Solar energy a good investment, claims World Economic Forum

The World Economic Forum (WEF) is encouraging big investors to reconsider renewable energy, particularly solar, as a viable, profitable asset class. Renewable energy technology has made “exponential gains” in efficiency, it says, making it more and more competitive economically. Many countries that have invested heavily in renewable energy have already achieved grid parity, wherein the cost of electricity from renewables is equal to or less than the cost of grid electricity. Renewable energy technology has reached an inflexion point with respect to cost-effectiveness, says the WEF report, with further improvements expected to come even faster. As technology continues to improve, economies of scale will encourage wider adoption, which will in turn stimulate demand, setting up a self-reinforcing process which will be relatively low-risk for investors.

The costs of producing solar panels having fallen by about 20 per cent in the last five years, and the WEF forecasts that by 2020 electricity generated from solar photovoltaic sources will cost less, worldwide, than coal-or gas-generated electricity. Until now, renewable energy has been viewed by many as “frontier technology,” fraught with risks for cautious investors. Now, argues the WEF, it has become solidly mainstream, and will grow even more so.

Importantly, solar photovoltaics are also becoming more efficient at converting sunlight into usable electricity. The efficiency rating of most PVs was “stagnant” at 15–22 per cent for many years, but researchers have reported up to 46 per cent efficiency in lab tests. Greater efficiency will make solar panels even more attractive to consumers, and adoption rates will increase, as fewer solar panels will be needed to achieve the same electricity output.

Even though the renewables proposition has always had environmental appeal, technology has historically been subpar in delivering appropriate returns to investors without an impact mandate. Inefficiencies in incipient solar and wind technologies have perpetuated a global energy matrix that still features coal and natural gas accounting for 62 per cent of total generation. Nonetheless, exponential improvements in renewable technology, both in efficiency and cost, have made renewable energy competitive in the past few years.

While the WEF sees renewable as a good investment opportunity, that investment remains relatively small: just 0.4 per cent of assets under management by the world’s top 500 asset owners are identified as low-carbon ($138 billion out of $38 trillion). If the world is to meet the goal of holding global warming to 2 degrees, established at the Paris climate talks of December 2015, it will need to invest $1 trillion a year in renewables by 2030. Current investment is sitting at around $200 billion, it says.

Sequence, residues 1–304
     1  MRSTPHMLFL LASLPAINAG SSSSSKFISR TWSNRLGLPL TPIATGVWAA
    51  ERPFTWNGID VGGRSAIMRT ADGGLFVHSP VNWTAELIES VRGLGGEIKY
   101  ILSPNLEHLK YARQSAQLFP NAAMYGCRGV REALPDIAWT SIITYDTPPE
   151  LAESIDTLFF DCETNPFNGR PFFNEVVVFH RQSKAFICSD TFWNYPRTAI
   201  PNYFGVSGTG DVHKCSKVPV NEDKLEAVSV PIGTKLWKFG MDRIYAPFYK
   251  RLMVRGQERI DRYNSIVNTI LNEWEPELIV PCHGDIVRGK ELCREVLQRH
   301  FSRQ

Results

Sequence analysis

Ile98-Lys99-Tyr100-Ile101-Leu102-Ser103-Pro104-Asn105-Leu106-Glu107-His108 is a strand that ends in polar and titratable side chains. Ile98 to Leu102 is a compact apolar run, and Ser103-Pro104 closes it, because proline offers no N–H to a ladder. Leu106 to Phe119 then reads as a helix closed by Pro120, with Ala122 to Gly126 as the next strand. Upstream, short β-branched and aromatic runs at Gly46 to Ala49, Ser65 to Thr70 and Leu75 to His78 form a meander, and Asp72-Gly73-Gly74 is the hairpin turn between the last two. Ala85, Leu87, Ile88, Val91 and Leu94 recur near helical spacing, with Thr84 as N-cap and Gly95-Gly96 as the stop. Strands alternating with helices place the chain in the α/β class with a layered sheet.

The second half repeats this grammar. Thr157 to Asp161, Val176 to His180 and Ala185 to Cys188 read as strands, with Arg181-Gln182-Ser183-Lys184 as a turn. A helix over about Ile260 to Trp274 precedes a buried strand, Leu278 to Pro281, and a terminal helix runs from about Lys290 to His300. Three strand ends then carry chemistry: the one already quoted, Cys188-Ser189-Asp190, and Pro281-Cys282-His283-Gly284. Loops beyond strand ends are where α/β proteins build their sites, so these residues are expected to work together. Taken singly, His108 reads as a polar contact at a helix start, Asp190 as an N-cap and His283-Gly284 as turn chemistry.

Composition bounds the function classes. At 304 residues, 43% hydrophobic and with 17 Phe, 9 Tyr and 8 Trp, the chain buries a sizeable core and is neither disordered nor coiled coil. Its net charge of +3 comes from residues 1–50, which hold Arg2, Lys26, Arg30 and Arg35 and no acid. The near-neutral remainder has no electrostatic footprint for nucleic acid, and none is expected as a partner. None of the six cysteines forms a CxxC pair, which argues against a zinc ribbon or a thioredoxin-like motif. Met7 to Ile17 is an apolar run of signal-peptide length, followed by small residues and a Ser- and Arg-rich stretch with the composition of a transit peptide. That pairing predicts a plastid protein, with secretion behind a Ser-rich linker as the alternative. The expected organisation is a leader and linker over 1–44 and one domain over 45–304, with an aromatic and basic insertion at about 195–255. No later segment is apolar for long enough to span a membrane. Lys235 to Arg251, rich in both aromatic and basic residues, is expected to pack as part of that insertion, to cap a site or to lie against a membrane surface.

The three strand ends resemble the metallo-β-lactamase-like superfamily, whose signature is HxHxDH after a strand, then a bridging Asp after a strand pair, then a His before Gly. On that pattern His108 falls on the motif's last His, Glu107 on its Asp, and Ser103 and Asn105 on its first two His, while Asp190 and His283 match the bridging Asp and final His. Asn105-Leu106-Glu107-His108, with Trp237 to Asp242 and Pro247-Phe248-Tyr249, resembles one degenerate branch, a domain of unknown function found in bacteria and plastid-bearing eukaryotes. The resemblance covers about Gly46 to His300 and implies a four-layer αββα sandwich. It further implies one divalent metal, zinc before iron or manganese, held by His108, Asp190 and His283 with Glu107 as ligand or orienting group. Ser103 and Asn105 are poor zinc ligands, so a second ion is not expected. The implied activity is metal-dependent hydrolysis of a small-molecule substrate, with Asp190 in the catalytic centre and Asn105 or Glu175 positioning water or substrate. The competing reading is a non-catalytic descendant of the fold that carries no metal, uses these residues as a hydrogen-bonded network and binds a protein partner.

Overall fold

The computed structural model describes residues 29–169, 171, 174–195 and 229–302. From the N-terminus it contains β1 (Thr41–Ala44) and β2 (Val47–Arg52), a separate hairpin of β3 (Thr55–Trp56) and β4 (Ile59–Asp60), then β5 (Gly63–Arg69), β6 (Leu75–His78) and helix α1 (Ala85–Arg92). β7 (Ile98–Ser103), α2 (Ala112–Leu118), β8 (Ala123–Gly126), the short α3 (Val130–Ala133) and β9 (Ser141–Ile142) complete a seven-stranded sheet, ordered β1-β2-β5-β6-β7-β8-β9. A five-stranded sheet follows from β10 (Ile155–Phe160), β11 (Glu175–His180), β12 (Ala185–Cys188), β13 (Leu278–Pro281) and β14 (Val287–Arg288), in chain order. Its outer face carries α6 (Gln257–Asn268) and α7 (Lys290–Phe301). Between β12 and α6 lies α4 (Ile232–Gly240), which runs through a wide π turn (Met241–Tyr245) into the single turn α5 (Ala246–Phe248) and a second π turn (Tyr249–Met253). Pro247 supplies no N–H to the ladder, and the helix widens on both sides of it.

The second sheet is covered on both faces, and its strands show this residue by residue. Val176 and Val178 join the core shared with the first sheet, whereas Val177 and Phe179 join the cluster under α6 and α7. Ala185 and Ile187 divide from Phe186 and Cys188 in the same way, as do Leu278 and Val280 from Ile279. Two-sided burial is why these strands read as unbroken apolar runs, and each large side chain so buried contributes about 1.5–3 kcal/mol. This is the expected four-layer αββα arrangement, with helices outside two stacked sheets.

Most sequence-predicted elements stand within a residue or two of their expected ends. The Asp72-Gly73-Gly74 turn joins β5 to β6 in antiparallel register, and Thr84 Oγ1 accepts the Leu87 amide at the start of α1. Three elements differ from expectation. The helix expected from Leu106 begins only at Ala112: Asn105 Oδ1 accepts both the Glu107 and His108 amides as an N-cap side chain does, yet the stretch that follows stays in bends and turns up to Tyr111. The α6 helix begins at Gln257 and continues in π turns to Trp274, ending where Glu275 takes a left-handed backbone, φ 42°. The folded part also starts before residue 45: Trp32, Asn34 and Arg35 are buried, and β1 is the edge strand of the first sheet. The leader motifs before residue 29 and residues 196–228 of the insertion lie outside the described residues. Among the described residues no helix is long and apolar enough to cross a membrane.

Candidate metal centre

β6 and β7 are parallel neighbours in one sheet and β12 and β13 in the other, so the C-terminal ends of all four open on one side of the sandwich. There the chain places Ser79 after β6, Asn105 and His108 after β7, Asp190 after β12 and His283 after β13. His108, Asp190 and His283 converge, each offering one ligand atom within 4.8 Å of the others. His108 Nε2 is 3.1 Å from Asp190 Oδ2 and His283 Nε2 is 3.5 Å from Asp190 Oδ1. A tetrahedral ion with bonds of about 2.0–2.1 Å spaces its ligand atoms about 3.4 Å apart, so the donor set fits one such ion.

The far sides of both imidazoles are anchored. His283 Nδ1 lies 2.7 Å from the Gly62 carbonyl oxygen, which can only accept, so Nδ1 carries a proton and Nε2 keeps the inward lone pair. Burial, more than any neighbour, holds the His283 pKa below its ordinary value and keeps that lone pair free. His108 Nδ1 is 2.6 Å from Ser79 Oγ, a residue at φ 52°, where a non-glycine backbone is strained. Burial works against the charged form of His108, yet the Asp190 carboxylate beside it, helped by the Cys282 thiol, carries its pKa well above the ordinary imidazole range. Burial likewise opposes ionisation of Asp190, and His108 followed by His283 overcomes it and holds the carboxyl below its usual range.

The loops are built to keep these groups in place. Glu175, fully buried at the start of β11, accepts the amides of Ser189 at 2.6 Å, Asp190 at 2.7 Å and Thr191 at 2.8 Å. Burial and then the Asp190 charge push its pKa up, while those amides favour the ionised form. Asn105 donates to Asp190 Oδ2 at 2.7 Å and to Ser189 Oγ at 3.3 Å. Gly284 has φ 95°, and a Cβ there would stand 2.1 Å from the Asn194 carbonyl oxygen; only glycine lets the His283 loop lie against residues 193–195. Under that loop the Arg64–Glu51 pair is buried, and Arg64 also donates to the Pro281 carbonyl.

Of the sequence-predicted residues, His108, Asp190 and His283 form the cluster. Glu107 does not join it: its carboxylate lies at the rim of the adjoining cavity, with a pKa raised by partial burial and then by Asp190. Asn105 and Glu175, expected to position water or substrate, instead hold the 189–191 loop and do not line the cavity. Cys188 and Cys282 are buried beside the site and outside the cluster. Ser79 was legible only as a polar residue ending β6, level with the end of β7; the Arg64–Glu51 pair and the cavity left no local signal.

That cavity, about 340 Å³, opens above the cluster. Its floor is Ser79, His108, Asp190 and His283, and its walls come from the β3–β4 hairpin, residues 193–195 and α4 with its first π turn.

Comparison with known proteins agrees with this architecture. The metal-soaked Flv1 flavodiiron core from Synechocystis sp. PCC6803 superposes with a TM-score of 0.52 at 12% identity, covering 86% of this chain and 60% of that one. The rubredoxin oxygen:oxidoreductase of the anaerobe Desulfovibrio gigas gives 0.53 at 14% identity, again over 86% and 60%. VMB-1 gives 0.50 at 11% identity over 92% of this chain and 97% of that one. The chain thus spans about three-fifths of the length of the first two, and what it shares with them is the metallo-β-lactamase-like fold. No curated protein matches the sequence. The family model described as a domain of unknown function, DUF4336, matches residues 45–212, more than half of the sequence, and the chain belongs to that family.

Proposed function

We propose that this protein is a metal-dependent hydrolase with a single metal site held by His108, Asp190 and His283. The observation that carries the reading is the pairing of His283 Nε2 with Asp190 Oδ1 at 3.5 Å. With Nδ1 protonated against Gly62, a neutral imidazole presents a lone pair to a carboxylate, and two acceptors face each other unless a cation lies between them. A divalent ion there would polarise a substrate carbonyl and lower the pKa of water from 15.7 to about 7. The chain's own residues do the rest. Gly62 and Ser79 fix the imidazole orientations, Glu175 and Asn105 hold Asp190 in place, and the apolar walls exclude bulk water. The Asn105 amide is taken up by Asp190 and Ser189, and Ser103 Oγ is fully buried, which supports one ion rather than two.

According to the German Solar Association, the world’s total installed solar power capacity has now reached 300 gigawatts. In 2016 alone, 70 gigawatts of new solar power, enough to supply 25 million households with 3600 kilowatt hours of electricity, was installed. Canada is ranked in the top ten countries around the world for its attractiveness to investors in renewable energy. In 2014, Canada was ranked fourth in the world for renewable electricity capacity.

Dutch researchers say that the amount of emissions produced in the making of solar panels has fallen by 95 per cent.

Ironically, a major problem that has dogged the solar industry from an environmental perspective is that of emissions. While the use of solar panels creates no emissions, the fossil-fuel intensive production process does. The silicon that coats most solar panels must be melted in furnaces at over 1400 degrees Celsius, creating huge amounts of emissions.

However, researchers in the Netherlands say they have found that the breakeven point for solar panels—the point at which the disadvantages of photovoltaics, as measured by total worldwide emissions created in producing them, and their benefits, mainly the emissions saved by using them, converge—may already have occurred. They found that PV modules manufactured today are responsible for an average of 20 grams of carbon dioxide per kilowatt hour of electricity produced over their 30-year life span. Panels produced in the 1970s, in contrast, produced from 400 to 500 grams per kWh. The break-even point, when energy output equals manufacturing energy input, has fallen from 20 years to just two years. As well, each time the world’s solar capacity doubles, the energy and CO2 emissions associated with making them fall by up to 24 per cent.

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